A new skirmish in the climate culture war began last month when Republicans became outraged over an energy-saving feature on gaming devices that users can opt to use. “First gas stoves, then your coffee, now they’re gunning for your Xbox,” Texas senator Ted Cruz misleadingly tweeted.
This comes just a few weeks after Republicans expressed anger over the suggestion that gas stoves could be banned in favor of more efficient and safer electric and induction cooktops.
These reactions are part of a broader trend that has been growing in the Republican party for years: a strong disdain for energy efficiency. Now, programs and regulations designed to help make homes more comfortable and save homeowners and renters money have come under fire. By going after these policies, Republicans are also quietly enacting a tax on the poor.
Republicans have actively rolled back or blocked energy-efficient measures at the federal and state levels in recent years. The Trump administration undid regulations that would have made everything from furnaces to shower heads to light bulbs more efficient. (The Biden administration has since rolled back many of the Trump rollbacks.) Former president Donald Trump himself infamously stoked outrage on the subject of flushing toilets and the hue of LED lightbulbs.
Republicans have also taken similar measures at the state level. After some municipalities in Florida banned gas hookups for new construction, Governor Ron DeSantis signed a bill in 2021 that banned banning gas hookups. (Yes, it’s a tongue twister.) Last month, DeSantis also said he is backing a permanent sales tax exemption for gas stoves.
All this, despite the fact that induction stoves – an increasingly popular electric option – are more efficient than their gas counterparts. This assault on efficiency imposes a heavy burden on the poorest households in the US. Research shows that poor households spend four times as much of their income on energy as households that are well-off. The research also found disparities held true across race, with minority households spending more than white ones. That’s in part because those homes are old and inefficient, with issues such as poor insulation or subpar furnaces, stoves and water heaters.
Racist zoning practices like redlining mean many of these homes are located in neighborhoods that are hotter, which can increase the need to use energy to stay cool as well. These conditions lead to higher bills, in areas where households have less income to put toward them.
“That’s the very definition of energy burden,” Sharonda Williams-Tack, a senior attorney at the Sierra Club working on energy justice, said. “I know [of households] where 30% of their overall income is going towards [the] energy bill just because you make so little money.”
While some programs can help cover the cost of some customers’ bills, others provide assistance in the form of rebates. “But if you’re not actually addressing the root cause of the issue and making the home energy efficient, then it’s not really helping to solve the problem,” Williams-Tack said.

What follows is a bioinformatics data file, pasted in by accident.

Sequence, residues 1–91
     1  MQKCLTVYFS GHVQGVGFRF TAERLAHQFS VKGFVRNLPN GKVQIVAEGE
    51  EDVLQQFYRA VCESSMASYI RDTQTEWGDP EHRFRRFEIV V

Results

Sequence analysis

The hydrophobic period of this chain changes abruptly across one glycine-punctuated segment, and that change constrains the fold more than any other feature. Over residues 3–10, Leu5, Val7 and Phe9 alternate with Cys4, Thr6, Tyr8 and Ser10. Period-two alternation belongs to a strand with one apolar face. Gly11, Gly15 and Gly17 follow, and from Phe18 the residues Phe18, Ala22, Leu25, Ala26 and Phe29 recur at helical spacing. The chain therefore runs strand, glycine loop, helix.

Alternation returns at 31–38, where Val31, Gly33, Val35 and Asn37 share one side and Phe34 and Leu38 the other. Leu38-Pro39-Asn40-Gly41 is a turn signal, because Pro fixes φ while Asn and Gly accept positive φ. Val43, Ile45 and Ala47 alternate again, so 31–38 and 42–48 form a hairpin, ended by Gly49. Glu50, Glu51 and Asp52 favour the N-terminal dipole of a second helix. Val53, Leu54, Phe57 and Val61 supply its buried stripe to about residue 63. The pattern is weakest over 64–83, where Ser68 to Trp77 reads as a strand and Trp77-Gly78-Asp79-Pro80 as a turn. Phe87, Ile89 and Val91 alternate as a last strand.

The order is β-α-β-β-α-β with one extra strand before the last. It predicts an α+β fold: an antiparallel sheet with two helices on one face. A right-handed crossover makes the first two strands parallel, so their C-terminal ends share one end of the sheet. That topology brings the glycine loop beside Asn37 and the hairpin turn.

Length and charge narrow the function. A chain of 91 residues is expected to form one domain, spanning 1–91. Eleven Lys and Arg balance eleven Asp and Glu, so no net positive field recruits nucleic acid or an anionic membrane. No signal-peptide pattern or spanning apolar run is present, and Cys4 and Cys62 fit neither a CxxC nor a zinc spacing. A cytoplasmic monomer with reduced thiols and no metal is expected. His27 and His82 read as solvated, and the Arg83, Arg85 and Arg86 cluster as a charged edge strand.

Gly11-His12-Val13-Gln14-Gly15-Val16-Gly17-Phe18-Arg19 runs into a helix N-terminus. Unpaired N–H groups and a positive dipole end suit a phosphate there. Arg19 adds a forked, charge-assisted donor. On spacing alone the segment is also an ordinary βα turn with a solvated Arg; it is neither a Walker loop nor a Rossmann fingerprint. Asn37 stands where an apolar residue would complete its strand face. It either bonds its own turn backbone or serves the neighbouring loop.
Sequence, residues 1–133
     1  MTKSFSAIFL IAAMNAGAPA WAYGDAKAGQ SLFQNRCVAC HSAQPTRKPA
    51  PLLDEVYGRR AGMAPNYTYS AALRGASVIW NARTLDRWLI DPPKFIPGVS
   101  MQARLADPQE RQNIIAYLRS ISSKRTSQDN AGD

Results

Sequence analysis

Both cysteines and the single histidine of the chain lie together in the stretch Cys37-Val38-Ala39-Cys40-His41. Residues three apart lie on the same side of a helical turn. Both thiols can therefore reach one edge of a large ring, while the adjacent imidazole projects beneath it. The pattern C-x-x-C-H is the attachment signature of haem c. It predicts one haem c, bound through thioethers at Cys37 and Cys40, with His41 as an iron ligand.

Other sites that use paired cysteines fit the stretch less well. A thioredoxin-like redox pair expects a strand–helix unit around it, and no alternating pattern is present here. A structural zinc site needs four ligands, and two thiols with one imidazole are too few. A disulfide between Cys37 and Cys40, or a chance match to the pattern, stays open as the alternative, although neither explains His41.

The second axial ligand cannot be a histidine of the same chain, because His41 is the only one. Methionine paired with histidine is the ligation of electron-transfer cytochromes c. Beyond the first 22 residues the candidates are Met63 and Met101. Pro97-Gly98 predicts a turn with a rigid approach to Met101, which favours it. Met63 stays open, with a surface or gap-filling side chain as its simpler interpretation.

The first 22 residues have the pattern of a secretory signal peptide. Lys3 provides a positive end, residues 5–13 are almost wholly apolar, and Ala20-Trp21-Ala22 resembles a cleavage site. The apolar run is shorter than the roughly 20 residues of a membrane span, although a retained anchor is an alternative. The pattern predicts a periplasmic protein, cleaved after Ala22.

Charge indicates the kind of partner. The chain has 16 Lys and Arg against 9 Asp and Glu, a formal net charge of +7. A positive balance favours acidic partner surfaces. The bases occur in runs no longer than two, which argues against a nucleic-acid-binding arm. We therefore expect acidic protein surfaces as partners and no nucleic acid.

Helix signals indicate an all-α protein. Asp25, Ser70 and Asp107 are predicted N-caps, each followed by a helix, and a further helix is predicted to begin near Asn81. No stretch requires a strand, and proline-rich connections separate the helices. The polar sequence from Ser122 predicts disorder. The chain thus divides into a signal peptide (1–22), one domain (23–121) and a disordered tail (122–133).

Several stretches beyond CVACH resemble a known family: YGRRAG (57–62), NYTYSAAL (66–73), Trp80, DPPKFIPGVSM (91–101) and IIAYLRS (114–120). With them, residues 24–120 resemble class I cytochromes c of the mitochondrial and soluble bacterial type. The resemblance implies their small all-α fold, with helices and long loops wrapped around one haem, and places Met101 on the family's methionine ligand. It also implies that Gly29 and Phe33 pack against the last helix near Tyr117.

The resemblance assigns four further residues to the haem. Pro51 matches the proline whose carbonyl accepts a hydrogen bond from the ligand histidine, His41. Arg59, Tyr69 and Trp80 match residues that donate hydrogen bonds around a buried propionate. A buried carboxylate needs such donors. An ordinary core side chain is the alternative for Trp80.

Progress on that front has been slow. An American Council for an Energy-Efficient Economy analysis released last year shows that all the measures utilities are taking are largely failing. At present rates, it would take utilities 59 years to provide energy efficiency services and upgrades to all low-income households.
High energy bills don’t just cost low-income households more money. Some research shows that falling behind on bills can also raise the risk of the state taking children away, which Williams-Tack says can force parents to make hard decisions. (Other research has shown failing to pay bills doesn’t significantly raise that risk, though.)
Republican opposition to energy efficiency shows the current state of politicization holding back climate action.
“There’s a tendency to think about energy, energy efficiency [and] fuel substitution as these rational processes where we make decisions based on cost and risk and benefit,” Cara Daggett, an assistant professor of political science at Virginia Tech, said. But that “misses what a lot of environmental historians and humanists have pointed to, which is that energy is also a cultural matter”.
The outrage over gas stoves and Xboxes, said Daggett, “reveals is that climate change is really a threat to what environmental studies call a ‘petro culture’, or a culture of not only fossil fuels, but of endless energy”.
The idea of endless energy has become deeply engrained in the American dream the end of the second world war. One of the earliest manifestations of this philosophy came with the rise of the suburbs and urban sprawl, which necessitated a car in every garage. Now, the fight over energy efficiency – at least in the eyes of Republicans – could undo that order.
Daggett said the efforts to improve efficiency and phase out the use of fossil fuels, starting at home, can be seen by those on the right as “a real challenge to the American story”, much like DeSantis banning AP African American studies.
Absent federal intervention – which is unlikely in the current political climate – advocates are pushing for states with friendly legislatures to become more directly involved in home efficiency improvements. Clarke Gocker, the director of policy and strategy at Push Buffalo, said many low-income homes deal with mold, asbestos, ageing roofing and other issues that need to fixed before even considering efficiency upgrades.
“One of the things we are calling for, along with a lot of other groups in the state, is the creation of a fund that would address those kinds of conditions really as a precondition to investment in heat pumps and rooftop solar and other things that are critical [to improving efficiency],” he said.
Doing so would help ensure dwellings are ready for electrification in the first place.